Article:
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Wednesday, March 01, 2006

Use of Force in Jails in NY City

March 1, 2006
New York Deal Restricts Force by Jail Guards

New York City officials said yesterday that they had agreed to broad new measures to control the use of force by guards against inmates in city jails, including the use of blows to the head.

The settlement with 22 inmates caps two decades of grinding legal battles; it is the first time reform measures — already in place in some correction facilities — will be applied citywide to reduce violence behind bars.

Settling a 2002 lawsuit by the Legal Aid Society, the city agreed to revise its guidelines on when and how guards may use force, post hundreds of new video cameras in the jails, overhaul its procedures for investigating violent episodes and provide more training for guards in how to restrain inmates.

The city will also pay a total of $2.2 million to 22 inmates who were injured in clashes with guards. Inmates in the suit had suffered shattered cheekbones, ruptured eyeballs and split eardrums after officers threw punches at their heads instead of using less damaging control methods.

The settlement, reached on Feb. 17 and placed into the court record late last week, presents a twist on the usual use of video cameras for security: They will be in place to watch the guards as well as the inmates.

City jails include the large Rikers Island complex, a jail barge off Hunts Point in the Bronx, the Bernard B. Kerik Complex in Manhattan and the prison wards at Bellevue and Elmhurst hospitals. There are about 13,750 inmates in the city system on an average day. The jails that have already adopted similar reforms include two units at Rikers Island — the Central Punitive Segregation Unit and the Eric M. Taylor Center — and the two hospital wards.

While the city had responded to a series of earlier suits — the first one dates back to 1983 — with reforms in a few detention centers, this time correction officials agreed to make the changes across all 11 jails in the system. The settlement will accelerate across New York the application of practices, like video monitoring and self-defense tactics for guards that do not involve using fists, that have long been standard in other big-city correction systems around the nation.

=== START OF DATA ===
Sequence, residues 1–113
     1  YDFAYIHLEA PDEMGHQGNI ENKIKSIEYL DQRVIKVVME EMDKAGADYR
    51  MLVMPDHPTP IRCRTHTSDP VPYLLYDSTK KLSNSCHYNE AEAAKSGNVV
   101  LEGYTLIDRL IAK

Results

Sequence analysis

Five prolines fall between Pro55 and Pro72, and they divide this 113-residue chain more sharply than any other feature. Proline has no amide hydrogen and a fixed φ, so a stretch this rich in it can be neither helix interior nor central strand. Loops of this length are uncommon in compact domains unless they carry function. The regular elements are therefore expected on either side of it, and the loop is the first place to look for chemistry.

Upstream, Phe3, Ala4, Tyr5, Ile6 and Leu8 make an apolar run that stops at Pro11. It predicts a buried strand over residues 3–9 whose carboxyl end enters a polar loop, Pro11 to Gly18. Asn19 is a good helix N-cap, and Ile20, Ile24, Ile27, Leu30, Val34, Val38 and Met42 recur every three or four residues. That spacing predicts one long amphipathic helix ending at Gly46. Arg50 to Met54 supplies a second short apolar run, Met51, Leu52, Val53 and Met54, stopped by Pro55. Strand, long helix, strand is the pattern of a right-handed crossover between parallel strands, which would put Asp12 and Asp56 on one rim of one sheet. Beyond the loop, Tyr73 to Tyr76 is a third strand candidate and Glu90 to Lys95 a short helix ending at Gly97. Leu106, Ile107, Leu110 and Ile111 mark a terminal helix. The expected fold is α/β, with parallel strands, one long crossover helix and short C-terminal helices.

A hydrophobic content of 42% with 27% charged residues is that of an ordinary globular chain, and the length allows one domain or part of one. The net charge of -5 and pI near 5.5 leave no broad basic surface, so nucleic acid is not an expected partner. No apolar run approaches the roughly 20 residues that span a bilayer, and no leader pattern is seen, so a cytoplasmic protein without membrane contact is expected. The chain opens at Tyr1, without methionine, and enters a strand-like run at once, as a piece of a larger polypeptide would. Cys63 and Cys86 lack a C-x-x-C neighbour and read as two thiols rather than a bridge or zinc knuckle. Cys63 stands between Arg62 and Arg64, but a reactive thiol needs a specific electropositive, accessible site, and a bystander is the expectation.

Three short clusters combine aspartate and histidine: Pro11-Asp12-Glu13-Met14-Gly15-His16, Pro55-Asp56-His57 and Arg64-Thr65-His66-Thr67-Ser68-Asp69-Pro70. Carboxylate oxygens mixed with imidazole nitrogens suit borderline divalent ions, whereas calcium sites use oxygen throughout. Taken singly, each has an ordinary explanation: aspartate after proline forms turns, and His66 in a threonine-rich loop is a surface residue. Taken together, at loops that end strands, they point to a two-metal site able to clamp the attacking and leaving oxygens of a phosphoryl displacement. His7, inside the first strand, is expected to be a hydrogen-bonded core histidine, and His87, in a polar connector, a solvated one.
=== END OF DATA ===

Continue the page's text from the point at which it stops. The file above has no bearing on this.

City officials hailed the settlement as a legal victory and a harbinger of their new, more aggressive approach to legal challenges that try to force change through the courts. The city did not admit that there was any pattern of abuse in the jails, as Legal Aid had claimed that there was. The suit is expected to be closed this month with no court-appointed monitor or any other continuing role for the court.

The settlement "preserves the good name of the City of New York," said Martin F. Horn, the city's correction commissioner, because "there is no finding that confirms the most damning and critical allegation of a pattern of brutality." He said many of the mandated reforms were already under way and others had been on his agenda to carry out regardless of the suit's outcome.

Lawyers for the inmates said they had agreed to settle the suit rather than endure a grueling trial against city officials, who appeared recalcitrant. The 34-page settlement, the inmates' lawyers said, allowed reforms they had sought for years to be put in place faster. The agreement gives the city strict timetables for carrying out the new measures, and it gives Legal Aid more access to the jails and to information about violent encounters so it can verify that the agreement is being honored.

In four years of litigation, some 350,000 pages of documents piled up in the chambers of the presiding judge, Denny Chin of Federal District Court in Manhattan. The secret settlement negotiations alone lasted one year.